WASHINGTON—Just before the 109th Congress finally adjourned shortly before dawn on Saturday, retiring Senate Majority Leader Bill Frist got some last-minute perks for his home state of Tennessee—and took a rhetorical beating from his colleagues.
Some Republicans heaped scorn on Frist for what they saw as his role in losing last month's elections. Others faulted him for fostering runaway federal spending. Some Democrats seemed to enjoy piling on Frist too. This was in stark contrast to two days before, when Frist's farewell speech won warm applause and even a hug from Senate Democratic Leader Harry Reid of Nevada.
Late Friday night House Appropriations Chairman Jerry Lewis, R-Calif., said icily in a speech on the House floor that Congress' failure to pass nine of 11 appropriations bills, including one for returning soldiers' health care, "should be placed squarely at the feet of the departing (Senate) majority leader." The House passed its version of the bills, but the Senate did not.
The top-ranking Democrat on Lewis' committee, Rep. David Obey of Wisconsin, got more personal about Frist, a celebrated heart-and-lung surgeon before he entered politics.
Obey recalled Frist's effort last year to stop a Florida husband from removing a feeding tube from Terri Schiavo, his comatose wife, noting Frist's assertion that Schiavo was not in a "persistent vegetative state" based on his diagnosis of her via video footage.
Obey also tossed in Frist's hands-on role in passing a lawsuit liability shield for pharmaceutical companies.
"I find it ironic that the Senate majority leader found time to publicly diagnose Terri Schiavo's case . . . to insert 40 pages of language into the defense bill last year indemnifying the entire pharmaceutical industry . . . but he didn't manage to find the time to schedule the appropriations bills on the Senate floor," Obey said. "And as a result we are here with this mess tonight."
Congress ended up passing a massive stopgap spending bill that continues federal funding at current levels until mid-February 2007.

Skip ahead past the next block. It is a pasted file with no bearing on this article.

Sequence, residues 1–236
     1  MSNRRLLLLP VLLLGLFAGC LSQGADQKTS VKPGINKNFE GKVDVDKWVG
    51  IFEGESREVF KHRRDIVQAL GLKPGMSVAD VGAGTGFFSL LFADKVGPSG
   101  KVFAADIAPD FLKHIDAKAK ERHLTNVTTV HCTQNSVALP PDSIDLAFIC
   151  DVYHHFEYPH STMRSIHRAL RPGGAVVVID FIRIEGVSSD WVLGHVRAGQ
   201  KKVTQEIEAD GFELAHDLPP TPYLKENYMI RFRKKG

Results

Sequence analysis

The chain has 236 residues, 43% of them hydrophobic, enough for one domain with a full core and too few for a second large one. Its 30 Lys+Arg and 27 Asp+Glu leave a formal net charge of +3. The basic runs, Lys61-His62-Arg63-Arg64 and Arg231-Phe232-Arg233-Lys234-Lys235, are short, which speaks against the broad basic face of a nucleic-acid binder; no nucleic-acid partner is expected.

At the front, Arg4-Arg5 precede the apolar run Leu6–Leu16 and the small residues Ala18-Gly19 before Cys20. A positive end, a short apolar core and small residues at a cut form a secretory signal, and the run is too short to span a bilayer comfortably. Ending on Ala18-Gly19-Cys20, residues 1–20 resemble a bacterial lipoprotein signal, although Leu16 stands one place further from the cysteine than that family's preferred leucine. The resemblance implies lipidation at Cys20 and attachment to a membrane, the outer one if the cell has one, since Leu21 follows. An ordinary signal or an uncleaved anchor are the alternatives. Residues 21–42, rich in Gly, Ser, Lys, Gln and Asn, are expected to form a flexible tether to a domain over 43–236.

The criticism surprised Frist and angered his aides.
"Dr. Frist has an exceptional record of service and these parting shots are not worthy of response, especially in light of the dignity and grace which has marked his tenure," said his communications director, Amy Call.
Frist managed to stick some pork for the folks back home into the final bills passed, however.
A sweeping tax, trade, Medicare and oil bill that passed early Saturday extended a sales tax deduction for taxpayers in states with no income tax. That helps Tennessee and Reid's home state of Nevada, as well as Washington, Alaska, Texas and Florida.
Tennessee hospitals, meanwhile, got help covering uninsured and under-insured patients. And songwriters collectively got an estimated $3 million tax break, something many constituents in Nashville—nicknamed Music City, U.S.A.—will appreciate.
Sen. Judd Gregg, R-N.H., a fiscal conservative and Budget Committee chairman, was furious at his party's leaders, including Frist, for signing off on a package he said would add $39 billion to the nation's debt.
"This is being done by the Republican leadership to the Republican membership," Gregg complained.
Turning on Frist, he said, "If I wanted to address this deduction for Tennessee, this $35 million, or I wanted to address this musical awards item, I'm not going to be able to do it. You just have to ask yourself how we, as a party, got to this point, where we have a leadership which is going to ram down the throats of our party the biggest budget-buster in the history of the Congress under Republican leadership."
Gregg said voters tossed Republicans from power last month "in large part because they were tired of our hypocrisy as a party on the issue of fiscal responsibility. And it would appear that their concerns are justified."
After a rough night finally ended with adjournment, Frist called his staff together for a toast. As he thanked them he teared up. Making reference to the Bible's 23rd Psalm, "The Lord Is My Shepherd," Frist told his aides: "You restore my soul."
(c) 2006, McClatchy-Tribune Information Services.
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